"Until the Fed gets the tightening out of the way, the market will be in absolute disarray and there will be nothing supporting it," Karydakis said.

As prices of government securities continue to decline, the Treasury yield curve is flattering. Players said a flatter yield curve suggests that the market is gearing up for another tightening in monetary policy.

Bond market observers expect the yield curve to continue to flatten until the market believes the Federal Reserve has reached a neutral monetary policy.

Economists generally expect the curve to flatten by another 20 to 25 basis points from the current level. How quickly the yield curve spread will reach that level depends on investors' perception that the Fed has gotten closer to neutrality on interest rates.

"When the market thinks the Fed has caught up to its tightening need and will be able to leave rates steady for a while, Treasuries will stabilize," said one proprietary trader at a New York primary dealership.

In the last week, the yield spread between the two-year note and 30-year bond narrowed by 17 basis points to stand at 141 basis points. That compares with 300 basis points in January 1993.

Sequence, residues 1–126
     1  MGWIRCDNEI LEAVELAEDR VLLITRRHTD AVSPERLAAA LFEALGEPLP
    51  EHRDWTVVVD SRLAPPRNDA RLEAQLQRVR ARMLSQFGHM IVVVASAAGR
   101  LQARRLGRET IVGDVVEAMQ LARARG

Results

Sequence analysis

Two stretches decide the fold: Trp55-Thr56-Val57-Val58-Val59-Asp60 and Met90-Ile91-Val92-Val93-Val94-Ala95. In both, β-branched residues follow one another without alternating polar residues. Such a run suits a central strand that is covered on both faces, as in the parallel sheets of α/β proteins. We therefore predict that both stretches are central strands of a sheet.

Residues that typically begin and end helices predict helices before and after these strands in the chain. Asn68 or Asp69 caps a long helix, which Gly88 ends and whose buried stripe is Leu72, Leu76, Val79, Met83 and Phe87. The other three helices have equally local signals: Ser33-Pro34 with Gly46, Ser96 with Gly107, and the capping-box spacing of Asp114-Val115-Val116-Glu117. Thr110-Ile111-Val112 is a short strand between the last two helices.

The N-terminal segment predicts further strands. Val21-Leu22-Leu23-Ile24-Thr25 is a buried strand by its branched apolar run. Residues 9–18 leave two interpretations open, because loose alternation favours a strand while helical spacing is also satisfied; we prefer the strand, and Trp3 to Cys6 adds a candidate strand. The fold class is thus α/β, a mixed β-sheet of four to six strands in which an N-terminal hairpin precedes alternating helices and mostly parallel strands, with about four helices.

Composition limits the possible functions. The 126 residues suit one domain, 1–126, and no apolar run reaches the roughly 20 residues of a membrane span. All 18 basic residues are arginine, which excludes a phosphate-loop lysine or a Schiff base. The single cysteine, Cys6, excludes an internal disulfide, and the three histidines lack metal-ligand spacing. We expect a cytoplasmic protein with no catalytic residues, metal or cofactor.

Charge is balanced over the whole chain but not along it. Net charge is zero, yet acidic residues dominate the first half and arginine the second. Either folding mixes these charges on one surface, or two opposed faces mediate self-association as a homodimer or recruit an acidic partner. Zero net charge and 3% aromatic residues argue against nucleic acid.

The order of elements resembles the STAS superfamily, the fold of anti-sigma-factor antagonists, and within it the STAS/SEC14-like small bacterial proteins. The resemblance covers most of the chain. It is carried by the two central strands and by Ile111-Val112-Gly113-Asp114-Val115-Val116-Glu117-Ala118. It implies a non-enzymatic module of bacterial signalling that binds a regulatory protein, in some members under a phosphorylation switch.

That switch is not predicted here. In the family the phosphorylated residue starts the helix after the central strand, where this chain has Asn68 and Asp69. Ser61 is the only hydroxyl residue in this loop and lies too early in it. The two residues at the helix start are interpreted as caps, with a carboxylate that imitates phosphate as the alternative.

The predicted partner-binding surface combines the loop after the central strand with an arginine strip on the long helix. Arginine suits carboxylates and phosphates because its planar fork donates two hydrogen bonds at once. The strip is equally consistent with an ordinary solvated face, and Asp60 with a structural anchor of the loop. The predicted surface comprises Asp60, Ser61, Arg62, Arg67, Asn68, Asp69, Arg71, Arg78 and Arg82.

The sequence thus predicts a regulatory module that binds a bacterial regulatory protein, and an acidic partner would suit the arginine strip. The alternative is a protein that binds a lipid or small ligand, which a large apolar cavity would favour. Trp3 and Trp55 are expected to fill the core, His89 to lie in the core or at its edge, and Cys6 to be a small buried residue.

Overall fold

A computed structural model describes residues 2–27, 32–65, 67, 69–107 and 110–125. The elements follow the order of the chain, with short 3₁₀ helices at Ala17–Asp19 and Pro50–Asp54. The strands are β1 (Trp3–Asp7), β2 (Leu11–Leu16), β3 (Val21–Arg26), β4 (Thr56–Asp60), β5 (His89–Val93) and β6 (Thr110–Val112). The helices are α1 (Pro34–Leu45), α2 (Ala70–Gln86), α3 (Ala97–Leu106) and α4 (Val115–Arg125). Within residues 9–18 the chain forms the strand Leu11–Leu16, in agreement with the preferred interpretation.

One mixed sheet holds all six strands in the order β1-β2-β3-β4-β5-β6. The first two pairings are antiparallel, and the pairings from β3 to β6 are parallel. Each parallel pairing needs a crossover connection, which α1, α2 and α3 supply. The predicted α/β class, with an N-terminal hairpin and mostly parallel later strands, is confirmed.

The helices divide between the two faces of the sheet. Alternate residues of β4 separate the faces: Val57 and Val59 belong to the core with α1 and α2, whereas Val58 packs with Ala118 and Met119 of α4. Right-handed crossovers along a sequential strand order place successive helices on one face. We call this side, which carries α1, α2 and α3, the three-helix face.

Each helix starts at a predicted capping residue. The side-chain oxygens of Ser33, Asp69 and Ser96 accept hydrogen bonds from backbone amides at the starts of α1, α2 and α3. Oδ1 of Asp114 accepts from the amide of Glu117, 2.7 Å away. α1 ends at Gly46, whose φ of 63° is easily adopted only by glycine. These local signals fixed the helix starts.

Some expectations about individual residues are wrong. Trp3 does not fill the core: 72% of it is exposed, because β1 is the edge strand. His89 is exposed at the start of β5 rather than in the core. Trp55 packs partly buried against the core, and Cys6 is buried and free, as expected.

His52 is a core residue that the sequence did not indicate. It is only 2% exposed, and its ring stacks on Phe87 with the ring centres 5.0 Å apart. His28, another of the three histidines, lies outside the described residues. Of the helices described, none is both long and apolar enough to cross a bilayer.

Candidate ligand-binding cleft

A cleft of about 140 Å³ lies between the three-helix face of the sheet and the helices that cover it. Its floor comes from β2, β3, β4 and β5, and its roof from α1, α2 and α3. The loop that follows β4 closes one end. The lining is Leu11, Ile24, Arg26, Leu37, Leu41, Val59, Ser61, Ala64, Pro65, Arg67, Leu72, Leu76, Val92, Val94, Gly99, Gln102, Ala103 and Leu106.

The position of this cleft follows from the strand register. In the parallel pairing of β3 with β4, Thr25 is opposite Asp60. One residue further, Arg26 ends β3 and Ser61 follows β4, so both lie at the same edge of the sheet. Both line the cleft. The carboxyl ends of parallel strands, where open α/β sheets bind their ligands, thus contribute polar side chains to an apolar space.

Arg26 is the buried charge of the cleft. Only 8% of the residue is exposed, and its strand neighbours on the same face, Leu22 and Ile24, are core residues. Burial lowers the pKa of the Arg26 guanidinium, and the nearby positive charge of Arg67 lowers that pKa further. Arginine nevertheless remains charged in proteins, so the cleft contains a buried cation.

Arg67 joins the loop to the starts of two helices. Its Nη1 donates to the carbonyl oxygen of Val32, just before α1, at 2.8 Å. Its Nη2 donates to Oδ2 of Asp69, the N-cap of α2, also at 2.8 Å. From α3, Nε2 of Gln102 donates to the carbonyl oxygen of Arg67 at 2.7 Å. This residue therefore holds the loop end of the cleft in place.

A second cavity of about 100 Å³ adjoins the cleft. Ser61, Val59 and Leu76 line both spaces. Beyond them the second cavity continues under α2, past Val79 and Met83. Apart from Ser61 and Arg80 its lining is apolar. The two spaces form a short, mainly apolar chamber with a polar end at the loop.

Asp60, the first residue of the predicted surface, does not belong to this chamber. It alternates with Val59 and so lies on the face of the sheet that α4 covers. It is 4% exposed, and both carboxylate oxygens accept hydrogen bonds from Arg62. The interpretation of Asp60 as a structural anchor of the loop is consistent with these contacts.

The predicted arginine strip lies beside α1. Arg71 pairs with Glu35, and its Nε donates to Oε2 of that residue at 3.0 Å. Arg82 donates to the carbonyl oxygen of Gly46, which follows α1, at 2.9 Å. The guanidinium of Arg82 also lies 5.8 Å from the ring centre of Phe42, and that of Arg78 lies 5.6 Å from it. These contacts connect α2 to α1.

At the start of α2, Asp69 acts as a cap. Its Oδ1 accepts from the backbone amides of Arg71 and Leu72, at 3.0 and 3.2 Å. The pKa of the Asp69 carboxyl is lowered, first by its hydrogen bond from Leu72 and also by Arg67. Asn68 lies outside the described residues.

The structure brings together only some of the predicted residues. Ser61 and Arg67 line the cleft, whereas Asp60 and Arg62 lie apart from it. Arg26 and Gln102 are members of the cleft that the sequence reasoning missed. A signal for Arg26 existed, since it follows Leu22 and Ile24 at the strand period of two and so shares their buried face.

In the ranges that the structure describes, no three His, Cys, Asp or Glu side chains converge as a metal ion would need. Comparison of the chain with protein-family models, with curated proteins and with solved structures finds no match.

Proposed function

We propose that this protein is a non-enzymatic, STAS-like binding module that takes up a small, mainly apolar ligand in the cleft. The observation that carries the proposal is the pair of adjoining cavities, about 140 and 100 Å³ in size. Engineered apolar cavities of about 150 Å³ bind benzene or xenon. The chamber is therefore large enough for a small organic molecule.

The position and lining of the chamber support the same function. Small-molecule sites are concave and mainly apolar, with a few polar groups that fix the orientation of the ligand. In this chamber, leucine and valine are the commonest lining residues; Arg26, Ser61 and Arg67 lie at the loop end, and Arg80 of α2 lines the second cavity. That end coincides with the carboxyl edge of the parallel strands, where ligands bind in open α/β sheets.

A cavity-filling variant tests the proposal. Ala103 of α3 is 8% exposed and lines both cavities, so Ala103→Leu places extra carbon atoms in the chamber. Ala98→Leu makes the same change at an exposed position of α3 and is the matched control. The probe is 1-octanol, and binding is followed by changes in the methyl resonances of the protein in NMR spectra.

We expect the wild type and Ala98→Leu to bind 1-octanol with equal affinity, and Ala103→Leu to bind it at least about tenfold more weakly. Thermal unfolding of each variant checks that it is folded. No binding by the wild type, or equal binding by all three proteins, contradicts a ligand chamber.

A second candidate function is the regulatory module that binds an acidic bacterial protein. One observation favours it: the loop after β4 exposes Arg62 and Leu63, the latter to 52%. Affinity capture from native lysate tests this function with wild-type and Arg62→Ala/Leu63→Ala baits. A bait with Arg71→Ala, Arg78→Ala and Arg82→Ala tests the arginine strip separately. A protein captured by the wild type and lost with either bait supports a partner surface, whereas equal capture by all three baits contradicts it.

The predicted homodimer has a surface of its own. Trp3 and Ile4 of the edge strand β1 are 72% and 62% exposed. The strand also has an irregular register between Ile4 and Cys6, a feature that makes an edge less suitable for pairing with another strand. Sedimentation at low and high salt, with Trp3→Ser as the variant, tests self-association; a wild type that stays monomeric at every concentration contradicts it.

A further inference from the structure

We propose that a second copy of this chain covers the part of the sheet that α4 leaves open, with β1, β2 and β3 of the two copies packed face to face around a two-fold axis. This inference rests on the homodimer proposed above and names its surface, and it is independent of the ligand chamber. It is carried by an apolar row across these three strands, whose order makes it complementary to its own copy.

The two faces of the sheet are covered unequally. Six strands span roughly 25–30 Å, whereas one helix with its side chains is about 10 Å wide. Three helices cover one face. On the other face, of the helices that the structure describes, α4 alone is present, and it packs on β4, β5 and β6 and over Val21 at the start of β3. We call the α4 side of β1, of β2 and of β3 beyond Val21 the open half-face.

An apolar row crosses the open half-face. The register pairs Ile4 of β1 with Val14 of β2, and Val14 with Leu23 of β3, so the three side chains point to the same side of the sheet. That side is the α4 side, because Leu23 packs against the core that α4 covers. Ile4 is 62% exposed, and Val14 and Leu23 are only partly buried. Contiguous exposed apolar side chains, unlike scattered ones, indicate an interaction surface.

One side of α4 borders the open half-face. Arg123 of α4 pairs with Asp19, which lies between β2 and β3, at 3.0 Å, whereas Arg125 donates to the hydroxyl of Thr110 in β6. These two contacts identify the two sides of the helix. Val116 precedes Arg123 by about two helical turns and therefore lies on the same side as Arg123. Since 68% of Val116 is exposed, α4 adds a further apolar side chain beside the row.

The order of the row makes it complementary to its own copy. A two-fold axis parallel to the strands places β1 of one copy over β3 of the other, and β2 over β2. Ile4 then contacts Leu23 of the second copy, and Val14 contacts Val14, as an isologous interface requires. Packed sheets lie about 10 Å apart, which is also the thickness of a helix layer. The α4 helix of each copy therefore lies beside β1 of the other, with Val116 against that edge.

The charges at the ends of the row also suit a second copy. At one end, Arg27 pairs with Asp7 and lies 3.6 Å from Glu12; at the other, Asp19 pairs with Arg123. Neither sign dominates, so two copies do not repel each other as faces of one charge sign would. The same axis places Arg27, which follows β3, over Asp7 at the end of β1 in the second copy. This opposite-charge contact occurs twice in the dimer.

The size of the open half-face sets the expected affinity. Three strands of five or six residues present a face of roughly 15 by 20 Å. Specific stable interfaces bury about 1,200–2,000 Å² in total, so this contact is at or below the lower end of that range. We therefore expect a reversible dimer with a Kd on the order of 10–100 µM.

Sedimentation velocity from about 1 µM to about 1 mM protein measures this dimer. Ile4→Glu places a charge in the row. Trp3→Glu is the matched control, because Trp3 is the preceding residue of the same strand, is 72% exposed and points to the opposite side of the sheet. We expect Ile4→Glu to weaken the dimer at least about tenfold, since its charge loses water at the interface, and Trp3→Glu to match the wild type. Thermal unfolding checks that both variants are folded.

Some market players are predicted that when the Fed finally does tighten again, the fixed-income markets will rebound and the yield curve will steepen slightly. However, most agree that a modest bounce in prices is likely, but a sustained bounce or turnaround in market sentiment is unlikely, particularly if the Fed only raises the funds rate by 25 basis points.

In futures, the June bond contract ended down more than 3/4 of a point at 101.19.

In the cash market, the 5 1/2% two-year note was quoted late Monday down 1/4 of a point at 98.20-98.21 to yield 6.23%. The 6 1/2 five-year note ended down 14/32 at 97.19-91.21 to yield 7.06%. The 5 7/8% 10-year note was down more than 3/4 of a point at 88.31-89.03 to yield 7.46%, and the 6 1/4% 30-year bond also was down more than 3/4 at 83.26-83.30 to yield 7.62%.

The three-month Treasury bill was up eight basis points at 4.33%. The six-month bill was up 14 basis points at 4.93%, and the year bill was up 12 basis points at 5.52%.